Pipits to thrushes
A self-found Richard’s Pipit at Lambaness was a highlight for the group, schreeping for Scotland as it bounded across Lambaness and a good example of quality scarce migrants that feature as team self-finds to add that extra gratification. This was the first of several seen. A ‘tiger-striped’ Pechora Pipit, twitched at Norby, eventually yielded to give excellent views as it crept through the irises. A combination of its genuine rarity value, Shetland speciality status and confiding nature ensured this was a firm favourite of the week. Braving gale force wind and rain on Unst, a female Yellow Wagtail was found by the group as was a Bluethroat, discovered hunkered down in a ditch at Burrafirth – if ever proving that ‘you have to be in it to win it’, no matter what the weather! Another fine Bluethroat was enjoyed feeding at close quarters at Quendale.
Undoubtedly a highlight came in the form of a Swainson’s Thrush on Unst – a superb end to the first full day of the trip. After a mad dash from literally the opposite end of Shetland, the group had to endure perhaps the most suspenseful wait in fading light for the bird to hop out from under some fishery crates in the yard of a shop! Hop out it did, revealing the lovely buff face and eyering and subtle underparts spotting, and it even gave a close fly-by to show off its underwing stripe. This was a tick for all bar one of the group, who also saw one with our Shetland Nature autumn birding group on Unst last year!
Warblers and crests
Perhaps the group that forms the major attraction for rarity-hunters on Shetland, warblers – a common and rare alike – were relatively thin on the ground this autumn. Despite this, the group did see a Blyth’s Reed Warbler (which had been found by Chris the day before the trip started) and several Barred Warblers. An Arctic Warbler was a rarer highlight; the group missed this bird on Unst, when it disappeared on the day it lost its tail. However, we caught up with what must surely have been the same bird several days later when a tail-less Arctic Warbler was found in central Mainland. To be fair, Yellow-browed Warblers didn’t disappoint this autumn – amazingly by far the most frequent warbler, but very much still a joy to see. As ever, the Shetland autumn trip allowed the comparison of side-by-side Common and Siberian Chiffchaffs. A personal favourite were the mornings when Shetland is seemingly awash with tiny Goldcrests – mass landfall of these wee 5-gram waifs signal ‘birds in!’.
Flycatchers to buntings
Both groups enjoyed three species of flycatcher, including some very confiding, and always photogenic, Red-breasted Flycatchers. Both Red-backed and Great Grey Shrikes were seen on Unst. Of the finches, Bramblings added colour while redpolls, although surprisingly scarce in the islands this autumn, encouraged ID discussion. A most impressive sight was a flock of 200 very confiding Snow Buntings, swirling all around us like an avian snowstorm on the wild windswept headland of Lambaness. A scarcity that we can usually look forward to throughout the Shetland is Common Rosefinch, which this year was hard won but eventually added to the trip list, unlike a Lapland Bunting which fed virtually at our feet. Of the scarcer buntings, a nice bright Little Bunting on Fetlar was timed well, found by fellow SN team members Micky and Brydon on the same day we were all on the isle. Perhaps a commoner example of the many Shetland scarcities to end on, but it does leave tantalising thoughts for what the review might start with for next year’s Shetland Autumn Birding trips!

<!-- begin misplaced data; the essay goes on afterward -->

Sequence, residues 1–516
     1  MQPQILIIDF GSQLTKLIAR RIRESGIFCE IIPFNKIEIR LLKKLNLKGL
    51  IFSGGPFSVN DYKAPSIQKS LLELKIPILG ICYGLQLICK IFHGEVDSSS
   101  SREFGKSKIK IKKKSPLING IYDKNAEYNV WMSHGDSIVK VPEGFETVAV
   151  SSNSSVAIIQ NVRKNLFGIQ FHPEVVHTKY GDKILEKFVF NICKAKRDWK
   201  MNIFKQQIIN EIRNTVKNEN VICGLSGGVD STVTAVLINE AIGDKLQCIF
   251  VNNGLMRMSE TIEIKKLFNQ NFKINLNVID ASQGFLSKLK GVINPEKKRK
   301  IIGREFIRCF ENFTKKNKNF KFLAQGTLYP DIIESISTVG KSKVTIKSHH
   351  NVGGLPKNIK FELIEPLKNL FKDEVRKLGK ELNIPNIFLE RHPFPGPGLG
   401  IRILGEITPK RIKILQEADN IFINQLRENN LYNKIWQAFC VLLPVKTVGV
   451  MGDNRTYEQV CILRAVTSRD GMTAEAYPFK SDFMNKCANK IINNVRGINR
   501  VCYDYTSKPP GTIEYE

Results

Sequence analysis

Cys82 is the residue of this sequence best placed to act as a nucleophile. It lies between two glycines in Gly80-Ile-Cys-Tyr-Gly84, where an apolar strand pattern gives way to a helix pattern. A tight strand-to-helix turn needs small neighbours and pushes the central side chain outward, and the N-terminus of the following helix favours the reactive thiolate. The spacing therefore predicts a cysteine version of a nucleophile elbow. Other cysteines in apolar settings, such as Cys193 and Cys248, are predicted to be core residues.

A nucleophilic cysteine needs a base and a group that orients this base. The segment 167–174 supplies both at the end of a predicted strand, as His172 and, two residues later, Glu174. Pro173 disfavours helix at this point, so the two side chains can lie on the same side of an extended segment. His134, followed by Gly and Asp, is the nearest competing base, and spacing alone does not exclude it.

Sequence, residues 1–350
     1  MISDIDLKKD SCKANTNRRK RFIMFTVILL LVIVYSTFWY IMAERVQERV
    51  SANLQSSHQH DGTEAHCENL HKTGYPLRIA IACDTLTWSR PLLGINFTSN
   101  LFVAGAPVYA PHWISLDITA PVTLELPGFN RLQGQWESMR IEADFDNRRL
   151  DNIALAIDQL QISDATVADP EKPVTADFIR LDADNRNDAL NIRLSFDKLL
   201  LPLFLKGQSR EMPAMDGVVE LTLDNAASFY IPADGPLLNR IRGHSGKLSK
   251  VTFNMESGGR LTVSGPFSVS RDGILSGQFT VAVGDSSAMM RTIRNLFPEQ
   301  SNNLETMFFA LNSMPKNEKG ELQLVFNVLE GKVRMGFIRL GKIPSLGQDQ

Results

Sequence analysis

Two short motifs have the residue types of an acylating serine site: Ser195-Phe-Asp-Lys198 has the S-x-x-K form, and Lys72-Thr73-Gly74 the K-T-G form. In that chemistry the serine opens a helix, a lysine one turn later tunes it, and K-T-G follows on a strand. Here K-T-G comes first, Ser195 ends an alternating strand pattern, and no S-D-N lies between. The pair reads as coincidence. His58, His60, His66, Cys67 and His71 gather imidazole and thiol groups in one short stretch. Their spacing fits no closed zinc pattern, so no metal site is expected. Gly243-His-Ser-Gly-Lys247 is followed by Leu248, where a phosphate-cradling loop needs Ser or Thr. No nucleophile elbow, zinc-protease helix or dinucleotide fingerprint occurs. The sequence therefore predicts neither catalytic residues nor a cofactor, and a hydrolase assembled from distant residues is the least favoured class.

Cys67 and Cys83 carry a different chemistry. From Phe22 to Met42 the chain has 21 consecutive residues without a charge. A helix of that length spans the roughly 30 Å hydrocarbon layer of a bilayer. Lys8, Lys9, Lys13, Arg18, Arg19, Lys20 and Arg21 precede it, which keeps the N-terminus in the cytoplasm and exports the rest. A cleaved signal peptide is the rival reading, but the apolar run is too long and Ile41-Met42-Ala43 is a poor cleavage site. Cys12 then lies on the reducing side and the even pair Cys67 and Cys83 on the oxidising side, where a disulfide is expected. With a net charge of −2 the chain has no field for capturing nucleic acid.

Shetlands otters featuring on ‘Grand Tour of The Scottish Islands’
Posted by Brydon Thomason on Tuesday 13th October 2015 | News, Otters, TV Appearances
There is literally not a year that passes that The Shetland Islands are not featured on television networks throughout the United Kingdom and beyond. Regularly featuring on many of these and helping to promote how special Shetland is is something we are always very proud of indeed.
Having already worked with the BBC Springwatch crew earlier this year we were delighted to be approached by BBC Scotland to work with the Grand Tour of The Scottish Islands film crew to feature otters on their program. Overall the show was really good and showed an interesting diversity of life on the isles, made more so especially by Cheryl Jamieson of Glansing Glass, Andrew Magnie Thomson, Rhoda Hughson and Les and Joanne on Fetlar.
To watch the program on BBC iPlayer you can view here or you can see the short piece posted by BBC Scotland of us with the otters here.
The crew were really fantastic to work with; presenter Paul Murton, producer Kathryn Ross, cameraman Richard Cook and sound man Richard Paterson. As well as being really on the ball they were also great fun which helped phase the on-camera tension I always get when being filmed! On the day I was joined by Josh Jaggard which was a real bonus, having his sharp eyes helped to keep track of the family whilst we were filming, which relieved at least some of the pressure and help us get the footage we did.
We were thrilled to spend the several hours with a mother and her two cubs, throughout which enjoyed some really lovely behaviour from affectionate family group huddles to action packed foraging and feeding sessions.
With the weather in our favour, the otters performing and a thoroughly successful shoot, we couldn’t have asked for more. Read more about the otter tours we do here.
More from the BBC’s popular ‘Grand Tour of The Scottish Islands’ here.